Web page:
Verses 9:1–18


We are about to enter a new section of Romans. The argument in chs. 9–11 is of a piece, though it has several parts to it. Paul will answer a series of rhetorical questions centered on whether God will keep his word to Israel or has abandoned his first chosen people. The issue of the actual status and standing of Gentiles in the people of God in relationship to Jews is also addressed at some length. This means as well that the subject that Paul has been dealing with since the very beginning of this epistle is indeed God’s justice and righteousness insofar as it has a bearing on human fate, either positively or negatively, by way of either commendation or condemnation, salvation or damnation. The discussion is theocentric, and only after that anthropocentric, but part of that theocentrism is Paul’s focus on Christ, and part of the anthropocentrism is a focus on Jew and Gentile united in Christ and not just humanity in general. (Witherington 236)


DETERMINISM — This brings us back to our original question: What does Paul mean by asserting that God “loved” Jacob but “hated” Esau? The connection of this quotation with v. 12 suggests that God’s love is the same as his election: God chose Jacob to inherit the blessings promised first to Abraham. God’s “hatred” of Esau is more difficult to interpret because Paul does not furnish us at this point with contextual clues. Some understand Paul to mean only that God loved Esau less than he loved Jacob. He blessed both, but Jacob was used in a more positive and basic way in the furtherance of God’s plans. But a better approach is to define “hatred” here by its opposite, “love.” If God’s love of Jacob consists in his choosing Jacob to be the “seed” who would inherit the blessings promised to Abraham, then God’s hatred of Esau is best understood to refer to God’s decision not to bestow this privilege on Esau.” It might best be translated “reject.” “Love” and “hate” are not here, then, emotions that God feels but actions that he carries out. In an apparent paradox that troubles Paul (cf. 9:14 and 19 following) as well as many Christians, God loves “the whole world” at the same time as he withholds his love in action, or election, from some.
Before leaving this paragraph, we must put some of the issues it raises in a larger context. As the attentive reader will realize, I have argued that this passage gives strong exegetical support to a traditional Calvinistic interpretation of God’s election: God chooses those who will be saved on the basis of his own will and not on the basis of anything — works or faith, whether foreseen or not — in those human beings so chosen. Attempts to avoid this theological conclusion, whether by leaving room for human faith in v. 12 or by restricting the issue to the roles of nations in salvation history, are, I think, unsuccessful. But if we exclude faith as a basis for God’s choice here, what becomes of Paul’s strenuous defense of faith as the means of justification in Rom, 3:21–4:25 and again in the following section of the letter, 9:30–10:21? It is precisely in an attempt to do justice to these texts that many interpreters insist on finding room for faith in this text also: God’s choice, they argue, is a choice to bestow salvation on those who believe. Faith, then, in this traditional Armenian perspective, becomes the basis for God’s choice. I can only reiterate that the introduction into this text of any basis for God’s election outside God himself defies both the language and the logic of what Paul has written. The only logical possibility, then, would seem to be to reverse the relationship between God’s choosing and faith; as Augustine stated it: “God does not choose us because we believe, but that we may believe. This way of putting the matter seems generally to be justified by this passage and by the teaching of scripture elsewhere. But it comes perilously close to trivializing human faith: something that many texts in Romans and in the rest of the NT simply will not allow us to do. We need, perhaps, to be more cautious In our formulations and to insist on the absolute cruciality and meaningfulness of the human decision to believe at the same time as we rightly make God’s choosing of us ultimately basic. Such a double emphasis may strain the boundaries of logic (it does not, I trust, break them!) or remain unsatisfyingly complex, but it may have the virtue of reflecting Scripture’s own balanced perspective.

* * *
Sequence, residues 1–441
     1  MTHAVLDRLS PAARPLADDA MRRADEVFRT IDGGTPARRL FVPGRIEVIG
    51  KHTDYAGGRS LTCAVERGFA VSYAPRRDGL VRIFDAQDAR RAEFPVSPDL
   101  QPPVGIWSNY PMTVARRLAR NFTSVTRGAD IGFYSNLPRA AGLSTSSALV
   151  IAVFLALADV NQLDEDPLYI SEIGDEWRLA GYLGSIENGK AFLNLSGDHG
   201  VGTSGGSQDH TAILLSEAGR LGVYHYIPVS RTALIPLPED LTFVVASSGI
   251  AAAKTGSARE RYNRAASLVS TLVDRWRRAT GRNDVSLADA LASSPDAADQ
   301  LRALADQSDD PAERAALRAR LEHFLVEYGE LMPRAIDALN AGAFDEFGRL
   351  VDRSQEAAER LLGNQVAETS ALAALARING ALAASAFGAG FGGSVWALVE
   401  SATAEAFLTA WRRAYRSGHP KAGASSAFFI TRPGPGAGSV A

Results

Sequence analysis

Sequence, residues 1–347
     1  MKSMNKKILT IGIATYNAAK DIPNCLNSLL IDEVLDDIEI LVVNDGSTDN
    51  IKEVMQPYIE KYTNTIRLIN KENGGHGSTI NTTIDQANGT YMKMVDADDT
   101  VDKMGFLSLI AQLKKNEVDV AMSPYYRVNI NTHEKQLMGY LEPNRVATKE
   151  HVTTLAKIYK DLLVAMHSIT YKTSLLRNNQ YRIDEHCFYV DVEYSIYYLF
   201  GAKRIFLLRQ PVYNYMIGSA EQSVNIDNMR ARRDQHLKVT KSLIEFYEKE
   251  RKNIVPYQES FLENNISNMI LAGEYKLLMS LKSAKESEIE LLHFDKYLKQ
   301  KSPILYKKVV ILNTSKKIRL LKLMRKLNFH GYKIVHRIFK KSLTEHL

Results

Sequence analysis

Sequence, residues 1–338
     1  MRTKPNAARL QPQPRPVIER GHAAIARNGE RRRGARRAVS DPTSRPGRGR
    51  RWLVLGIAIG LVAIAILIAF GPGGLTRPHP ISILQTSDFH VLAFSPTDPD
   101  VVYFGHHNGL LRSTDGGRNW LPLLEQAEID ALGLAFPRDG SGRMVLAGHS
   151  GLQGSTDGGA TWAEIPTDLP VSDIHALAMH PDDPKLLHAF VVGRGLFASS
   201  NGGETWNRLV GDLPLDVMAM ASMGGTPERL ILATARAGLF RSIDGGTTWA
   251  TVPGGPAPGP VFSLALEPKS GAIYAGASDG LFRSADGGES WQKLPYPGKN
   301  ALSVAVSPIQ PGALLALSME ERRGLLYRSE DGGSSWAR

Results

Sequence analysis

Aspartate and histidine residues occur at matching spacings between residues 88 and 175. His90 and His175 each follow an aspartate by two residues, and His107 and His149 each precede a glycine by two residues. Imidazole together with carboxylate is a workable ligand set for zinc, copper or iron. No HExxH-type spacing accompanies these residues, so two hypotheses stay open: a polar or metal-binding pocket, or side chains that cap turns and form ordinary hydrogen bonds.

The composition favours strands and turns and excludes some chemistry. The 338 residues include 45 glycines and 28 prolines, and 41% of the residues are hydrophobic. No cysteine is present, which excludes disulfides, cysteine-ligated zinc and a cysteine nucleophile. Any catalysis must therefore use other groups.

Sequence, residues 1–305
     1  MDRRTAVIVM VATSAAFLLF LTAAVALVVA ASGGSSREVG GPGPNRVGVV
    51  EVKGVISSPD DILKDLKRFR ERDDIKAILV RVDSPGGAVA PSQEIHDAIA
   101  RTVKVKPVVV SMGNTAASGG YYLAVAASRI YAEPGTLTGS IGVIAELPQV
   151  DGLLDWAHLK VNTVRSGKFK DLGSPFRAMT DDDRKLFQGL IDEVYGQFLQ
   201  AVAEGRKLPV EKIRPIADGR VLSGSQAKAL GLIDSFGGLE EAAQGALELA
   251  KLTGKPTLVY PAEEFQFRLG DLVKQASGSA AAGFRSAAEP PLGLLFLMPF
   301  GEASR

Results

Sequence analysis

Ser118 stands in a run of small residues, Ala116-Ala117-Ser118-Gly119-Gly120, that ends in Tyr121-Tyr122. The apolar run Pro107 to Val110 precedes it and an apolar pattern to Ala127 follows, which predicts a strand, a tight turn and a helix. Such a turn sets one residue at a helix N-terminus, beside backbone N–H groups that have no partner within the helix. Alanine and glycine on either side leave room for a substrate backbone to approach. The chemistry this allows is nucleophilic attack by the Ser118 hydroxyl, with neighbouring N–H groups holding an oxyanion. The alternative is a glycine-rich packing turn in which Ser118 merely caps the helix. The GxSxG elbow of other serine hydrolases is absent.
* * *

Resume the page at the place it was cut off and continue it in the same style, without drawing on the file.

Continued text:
At stake in all this, as Paul makes clear in 11:5–7, a text that takes up the argument of these verses, is the grace of God. As we have seen (see the notes on 3:24 and 4:5), Paul rules out any human claim on God as a violation of his grace. Perhaps, as my Arminian friends and colleagues insist, foreseen faith, as the product of “prevenient” grace, need be no threat to God’s freedom and grace but by making the human decision to believe the crucial point of making God’s election a response to human choice, this perspective seems to me to minimize Paul’s insistence that election to salvation is itself an act of God’s grace (cf. 11:5); a decision he makes freely and without the compulsion any influence outside himself. (Constable 129)


  • How does this text challenge your preconceived notions about the life of a follower of Jesus?
  • How does this passage further improve the way you’d share the Gospel with someone?
  • What do you feel the Spirit calling you to do based on the truths of this text?
  • What might you need to confess and repent of based on this passage?
  • How does this passage Challenge the way you lead or participate in your microchurch?
  • In what ways does this text call you to align your heart with God’s?